More walking about on Monday….I could get used to this! I extended my usual walk of two to three miles and did five instead, something more like the distances I used to do a couple of years back. I used to regularly walk eight to ten miles then but I was younger and was working many hours each week then. For many years I went running, doing four miles each day and often eight or sixteen miles each week too but I gave up running about eighteen years ago. Actually running isn’t as good as it is made out to be and isn’t good for the joints and spine. Brisk walking is safer and just as good for the heart and general health as far as exercise is concerned. Running certainly builds up stamina though and is good for improving blood circulation. I always found it exhilarating and I could feel the beneficial effects of a long run for many hours afterward. A brisk walk has a similar though lesser effect. Anyway, I was nearly finished my walk and noticed something on top of a perimeter wall surrounding a nearby apartment block. It was a debit card. I examined it and found it to be a recent issue so not an old one someone might have discarded, if indeed anyone would discard such a thing by leaving it on a wall. It was issued by the Santander Bank to someone addressed as ‘Miss…’.

No doubt she would have been terrified at the thought of someone using it illegally and emptying her account in the process. People should be more careful with their credit and debit cards and indeed all their financial affairs. I took it home and showed it to E. and we agreed to take the journey into town immediately and hand it in to the branch of that bank, the only one in the district. Bank branches are getting thinner on the ground and soon there might not be any at all! Having done our good deed for the day I took E out-of-town to lunch. We spent the remainder of the afternoon out on the patio whilst the sun was still shining. Tuesday promised rain once more.

Shirley Anne

Refreshing to know

Richmond Virginia
Richmond Virginia (Photo credit: Wikipedia)
Market day in Ormskirk, Lancashire, England. T...
Market day in Ormskirk, Lancashire, England. Thursday has been market day in Ormskirk since at least 1292. (Photo credit: Wikipedia)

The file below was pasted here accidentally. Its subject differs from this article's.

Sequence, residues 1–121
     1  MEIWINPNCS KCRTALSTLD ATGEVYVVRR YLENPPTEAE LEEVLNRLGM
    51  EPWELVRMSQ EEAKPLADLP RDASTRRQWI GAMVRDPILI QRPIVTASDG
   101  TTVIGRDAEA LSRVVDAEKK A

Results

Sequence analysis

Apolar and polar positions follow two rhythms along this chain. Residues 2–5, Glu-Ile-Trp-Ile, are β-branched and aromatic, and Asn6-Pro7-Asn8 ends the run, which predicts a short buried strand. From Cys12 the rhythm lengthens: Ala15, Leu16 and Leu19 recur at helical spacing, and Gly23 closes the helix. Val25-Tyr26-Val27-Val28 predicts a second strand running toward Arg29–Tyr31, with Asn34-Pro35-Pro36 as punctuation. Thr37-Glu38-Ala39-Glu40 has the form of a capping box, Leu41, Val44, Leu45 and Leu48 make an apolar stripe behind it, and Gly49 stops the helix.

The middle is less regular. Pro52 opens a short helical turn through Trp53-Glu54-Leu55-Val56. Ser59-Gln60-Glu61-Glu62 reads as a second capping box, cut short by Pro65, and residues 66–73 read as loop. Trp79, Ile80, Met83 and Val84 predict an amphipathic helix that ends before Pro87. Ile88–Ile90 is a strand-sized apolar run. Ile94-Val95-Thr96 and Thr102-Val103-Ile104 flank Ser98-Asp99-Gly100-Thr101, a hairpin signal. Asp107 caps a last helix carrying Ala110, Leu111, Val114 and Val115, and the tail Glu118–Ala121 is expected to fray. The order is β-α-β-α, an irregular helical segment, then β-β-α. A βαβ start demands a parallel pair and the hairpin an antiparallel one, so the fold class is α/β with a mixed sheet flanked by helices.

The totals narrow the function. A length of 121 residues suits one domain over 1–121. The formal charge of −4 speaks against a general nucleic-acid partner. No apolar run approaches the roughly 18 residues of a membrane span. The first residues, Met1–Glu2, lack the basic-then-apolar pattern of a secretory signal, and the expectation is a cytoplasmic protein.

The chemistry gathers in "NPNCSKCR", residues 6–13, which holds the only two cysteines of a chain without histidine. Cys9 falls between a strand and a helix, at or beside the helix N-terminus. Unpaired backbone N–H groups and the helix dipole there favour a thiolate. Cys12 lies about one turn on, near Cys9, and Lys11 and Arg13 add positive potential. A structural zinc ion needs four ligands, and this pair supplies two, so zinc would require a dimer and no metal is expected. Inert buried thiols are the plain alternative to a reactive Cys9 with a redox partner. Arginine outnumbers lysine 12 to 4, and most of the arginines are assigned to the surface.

On Friday morning I had no plans for the day, no work or anything so I didn’t bother dressing in my work clothes. I had been up a couple of hours but as I was a little later in getting up than usual I skipped my usual breakfast and simply had a fruit juice and some melon. I spent some time on my computer then decided to prepare a chilli for later in the day. I was half-way through doing that when my cellphone rang. The caller asked me in an obvious American accent if I could fix an electrical problem she was experiencing with her immersion heaters. The house, or rather the apartment block was in the next town, about ten miles away. Allowing myself to finish preparing the chilli I gave her a time to expect me, an hour later. When I arrived I was greeted by a woman of similar age to myself, in fact I discovered later that she was two years my junior. It turns out that she actually lives in Richmond, Virginia but stays in Ormskirk here in the UK with her husband usually from May to the beginning of September. Her husband is Greek and before they met he had established a home in Ormskirk and loved living there. He became a little homesick once they moved to Richmond so they decided to live in the UK for part of the year. It seems to work for them. During the time I was there chatting with the lady I was checking out her electrical problem by the way! I think she enjoyed the chat, I know I did. She told me the story of how they first came to live part of the time here. They had flown into Manchester airport and took the train into Liverpool for the forward journey to Ormskirk. Alighting at the station they knew they had no English currency and decided to use their credit card to withdraw some cash however on leaving the train the lady discovered her handbag wasn’t with her, she had left it on the train. She turned back and explained to the staff that she had left her bag on the train which was still at the station. The staff insisted there was no bag on the train but allowed her to go and look anyway. When one of the cleaning staff saw her they called her boss and told him that they had found the owner of the bag. One of the staff had found it and handed it in  to the office. The lady told me how much that meant to her that someone would be so considerate and not steal the bag as some might do. When the bag was returned to her she  found her credit card but alas, it wouldn’t work in the UK  They had to get a taxi to their hotel but had no cash. Furthermore they hadn’t eaten for many hours and couldn’t purchase a meal. In any case it was too late in the evening to buy anything. They had however some Euros and the cab driver said he would accept those in payment. Again they were amazed how considerate and helpful were everyone they  met. On arrival at the hotel they asked if there was food available at such a late hour but they were told that unfortunately everyone who worked in the kitchen had gone home. Someone mentioned that there was a Mc Donalds restaurant nearby so they walked the short distance there but it was closed except for serving the drive-through customers. They explained their predicament at the window but were refused food as they were not driving through! Something about health and safety had been put forward for the let-down. On returning to the hotel hungry and tired they met one of the staff, a woman, in the car park about to leave for home. It was now after midnight. They mentioned what had happened to them and she told them to get into her car and she would drive them through Mc Donalds. They got their food and thanked the woman for her kind gesture, after all they were complete strangers to her and it was very late at night. Listening to her story and experiences I was touched and wished that she and her husband would never have a bad experience her in the UK. It is nice to know that there are still good people in this world who are ready to help others when they are in difficulty.